I was inspired to ask her how she happened to write this particular poem.  She said, “I sat down to write something about my son…” Our jaws dropped.  Over the course of the year she shared everything with us–told us about her sex life, her frustrating job, her relationship with her mother–all, in the most intimate details.  She had never once mentioned a son.  As it turned out she was estranged from this son; they hadn’t communicated in five years.  This was the most difficult problem in her life.  When I look back at her piece of writing, I think that the real subject was that son.  It was a difficult subject for her to face, she hadn’t been able to confront it in her real life for a long time.  Now she had become confident enough in her writing about other subjects to address it.  She wasn’t succeeding, at least at first, and that’s what caused her to retreat to her past successes of writing about her daughter.  But, the language wouldn’t let her.  The language threw up a red flag that said: Wait a minute, there’s more here.  There’s something more important than this beneath the surface that needs to be addressed.  I said just that to her–that the real subject was her son and that’s where the poem waited.  About two weeks later I received a nice letter from Mary Kay, and in it was the poem.  It was incredible.  It had all the fire and energy of her earlier work, but also a new depth of feeling that was quite moving.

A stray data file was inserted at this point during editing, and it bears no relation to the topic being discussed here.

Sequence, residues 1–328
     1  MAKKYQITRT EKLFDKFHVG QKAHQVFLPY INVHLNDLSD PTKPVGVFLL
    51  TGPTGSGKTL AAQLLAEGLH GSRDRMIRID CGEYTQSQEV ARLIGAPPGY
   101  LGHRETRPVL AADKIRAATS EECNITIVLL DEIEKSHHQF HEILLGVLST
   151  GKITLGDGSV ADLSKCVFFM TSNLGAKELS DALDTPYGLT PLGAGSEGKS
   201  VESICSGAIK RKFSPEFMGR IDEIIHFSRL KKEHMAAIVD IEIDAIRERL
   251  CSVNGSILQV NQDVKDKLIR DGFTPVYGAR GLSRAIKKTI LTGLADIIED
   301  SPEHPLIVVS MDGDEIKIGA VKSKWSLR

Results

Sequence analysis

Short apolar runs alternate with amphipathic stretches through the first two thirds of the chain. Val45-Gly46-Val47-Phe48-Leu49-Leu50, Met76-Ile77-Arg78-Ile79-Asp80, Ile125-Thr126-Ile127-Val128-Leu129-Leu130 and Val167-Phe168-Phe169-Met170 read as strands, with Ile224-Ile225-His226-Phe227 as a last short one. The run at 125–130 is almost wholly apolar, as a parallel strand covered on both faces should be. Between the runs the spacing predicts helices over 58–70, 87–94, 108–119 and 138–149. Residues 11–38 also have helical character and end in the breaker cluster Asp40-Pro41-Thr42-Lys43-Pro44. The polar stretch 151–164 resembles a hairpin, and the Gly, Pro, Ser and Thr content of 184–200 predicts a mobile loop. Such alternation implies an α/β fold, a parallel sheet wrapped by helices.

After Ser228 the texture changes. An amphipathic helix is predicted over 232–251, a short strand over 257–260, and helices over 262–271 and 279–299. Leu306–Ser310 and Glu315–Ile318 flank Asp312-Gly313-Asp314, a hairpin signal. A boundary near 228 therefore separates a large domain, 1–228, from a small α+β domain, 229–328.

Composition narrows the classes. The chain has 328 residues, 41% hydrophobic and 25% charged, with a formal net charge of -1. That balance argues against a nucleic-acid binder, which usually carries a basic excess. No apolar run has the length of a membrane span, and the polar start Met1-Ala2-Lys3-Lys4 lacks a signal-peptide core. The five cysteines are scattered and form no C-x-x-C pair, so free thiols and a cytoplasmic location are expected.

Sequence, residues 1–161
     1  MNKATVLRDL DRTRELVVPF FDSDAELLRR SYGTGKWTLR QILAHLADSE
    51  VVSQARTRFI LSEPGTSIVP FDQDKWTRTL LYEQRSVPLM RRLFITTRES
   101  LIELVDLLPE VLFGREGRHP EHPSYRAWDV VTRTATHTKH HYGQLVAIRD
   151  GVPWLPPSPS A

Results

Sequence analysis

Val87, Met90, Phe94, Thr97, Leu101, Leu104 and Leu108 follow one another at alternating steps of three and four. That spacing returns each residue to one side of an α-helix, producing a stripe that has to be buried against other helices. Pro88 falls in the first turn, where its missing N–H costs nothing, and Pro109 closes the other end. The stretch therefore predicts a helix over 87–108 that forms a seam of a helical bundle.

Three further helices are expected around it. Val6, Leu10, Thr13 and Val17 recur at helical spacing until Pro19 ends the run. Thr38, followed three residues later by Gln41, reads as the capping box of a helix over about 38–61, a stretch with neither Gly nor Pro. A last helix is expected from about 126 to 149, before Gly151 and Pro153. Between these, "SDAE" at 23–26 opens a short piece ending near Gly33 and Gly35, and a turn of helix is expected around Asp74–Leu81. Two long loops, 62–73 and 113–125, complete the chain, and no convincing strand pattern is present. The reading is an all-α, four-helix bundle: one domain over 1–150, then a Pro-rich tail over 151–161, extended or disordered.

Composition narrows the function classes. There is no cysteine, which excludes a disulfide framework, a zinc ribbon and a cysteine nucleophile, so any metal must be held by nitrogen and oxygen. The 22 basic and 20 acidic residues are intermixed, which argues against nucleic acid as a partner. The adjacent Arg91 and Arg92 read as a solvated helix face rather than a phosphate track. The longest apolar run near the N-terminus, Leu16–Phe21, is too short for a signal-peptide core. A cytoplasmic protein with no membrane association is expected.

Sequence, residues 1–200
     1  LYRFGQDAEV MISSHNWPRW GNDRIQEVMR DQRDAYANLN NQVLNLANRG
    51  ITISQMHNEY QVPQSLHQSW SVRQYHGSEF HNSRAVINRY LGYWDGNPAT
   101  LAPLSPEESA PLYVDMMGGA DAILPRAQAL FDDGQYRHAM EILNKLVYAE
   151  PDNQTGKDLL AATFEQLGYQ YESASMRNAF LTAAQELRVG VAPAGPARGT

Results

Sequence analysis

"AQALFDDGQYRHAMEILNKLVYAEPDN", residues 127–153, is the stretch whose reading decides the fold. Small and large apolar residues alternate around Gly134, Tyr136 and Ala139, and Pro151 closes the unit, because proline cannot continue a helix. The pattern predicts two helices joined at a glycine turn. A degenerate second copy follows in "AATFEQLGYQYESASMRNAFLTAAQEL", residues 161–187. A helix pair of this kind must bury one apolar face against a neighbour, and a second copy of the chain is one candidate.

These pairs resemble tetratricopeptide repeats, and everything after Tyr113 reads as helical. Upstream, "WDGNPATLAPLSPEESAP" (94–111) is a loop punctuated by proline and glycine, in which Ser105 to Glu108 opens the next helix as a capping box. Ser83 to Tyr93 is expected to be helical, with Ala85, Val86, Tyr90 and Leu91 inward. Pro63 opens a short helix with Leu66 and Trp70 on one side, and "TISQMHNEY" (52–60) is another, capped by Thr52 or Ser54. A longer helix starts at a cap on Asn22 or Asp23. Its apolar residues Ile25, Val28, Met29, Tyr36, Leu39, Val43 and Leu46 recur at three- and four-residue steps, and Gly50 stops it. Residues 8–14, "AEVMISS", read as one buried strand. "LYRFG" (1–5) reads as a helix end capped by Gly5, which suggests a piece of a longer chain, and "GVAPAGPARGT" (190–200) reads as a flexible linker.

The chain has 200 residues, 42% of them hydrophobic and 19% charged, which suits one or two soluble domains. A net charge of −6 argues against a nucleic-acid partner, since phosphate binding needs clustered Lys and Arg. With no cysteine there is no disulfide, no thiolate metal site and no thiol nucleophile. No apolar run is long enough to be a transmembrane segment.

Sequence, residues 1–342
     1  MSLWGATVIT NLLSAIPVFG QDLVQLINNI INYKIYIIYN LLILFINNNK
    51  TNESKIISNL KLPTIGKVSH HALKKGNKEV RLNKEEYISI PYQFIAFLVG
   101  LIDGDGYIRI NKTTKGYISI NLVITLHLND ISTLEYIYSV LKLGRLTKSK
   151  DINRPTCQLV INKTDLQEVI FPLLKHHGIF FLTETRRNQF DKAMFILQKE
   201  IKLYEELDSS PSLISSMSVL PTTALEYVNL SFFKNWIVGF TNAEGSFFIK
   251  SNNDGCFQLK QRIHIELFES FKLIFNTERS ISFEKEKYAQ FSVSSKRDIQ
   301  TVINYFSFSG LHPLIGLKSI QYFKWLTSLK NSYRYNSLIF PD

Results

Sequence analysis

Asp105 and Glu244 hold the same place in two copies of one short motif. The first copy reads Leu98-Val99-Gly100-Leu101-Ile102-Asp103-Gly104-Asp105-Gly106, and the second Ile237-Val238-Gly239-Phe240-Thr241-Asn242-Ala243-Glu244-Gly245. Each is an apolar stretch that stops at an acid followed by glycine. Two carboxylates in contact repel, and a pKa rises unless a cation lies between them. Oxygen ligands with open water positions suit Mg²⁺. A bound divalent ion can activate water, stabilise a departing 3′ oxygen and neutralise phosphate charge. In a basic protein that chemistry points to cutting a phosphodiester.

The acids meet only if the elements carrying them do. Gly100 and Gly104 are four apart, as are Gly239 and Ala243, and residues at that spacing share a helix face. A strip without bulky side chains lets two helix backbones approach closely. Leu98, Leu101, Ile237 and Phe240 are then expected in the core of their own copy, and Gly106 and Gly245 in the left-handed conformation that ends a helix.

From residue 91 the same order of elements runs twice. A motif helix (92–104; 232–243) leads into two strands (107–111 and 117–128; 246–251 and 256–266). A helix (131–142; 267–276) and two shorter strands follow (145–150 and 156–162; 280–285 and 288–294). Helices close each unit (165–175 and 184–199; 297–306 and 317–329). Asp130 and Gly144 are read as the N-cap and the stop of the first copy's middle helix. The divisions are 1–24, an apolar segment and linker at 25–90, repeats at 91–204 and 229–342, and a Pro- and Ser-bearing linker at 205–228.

As we get back to the writing exercise the task for you is to find the subject beneath the surface and react to it genuinely, on paper, in such a way that allows a reader to participate in that reaction.  The difficulties of writing have less to do with the form words take, and everything to do with the subject’s being relevant to you, now.  Vague detail, garbled word order, even poor grammar are symptoms that there is no urgency in the subject for you.  Correcting these exterior things won’t help–any more than altering a metaphor in Mary Kay’s poem about her daughter would have helped.  On the other hand, if the subject is vital, you will make it vivid, precise and grammatically clear.  Your life depends on it.  Language, not only recreates things we care about, it tips us off when we are wasting time on subjects that we have already exhausted.  These subjects (no matter how weighty) are boring to us as writers and boring to our readers.  There’s nothing new in them for us to learn.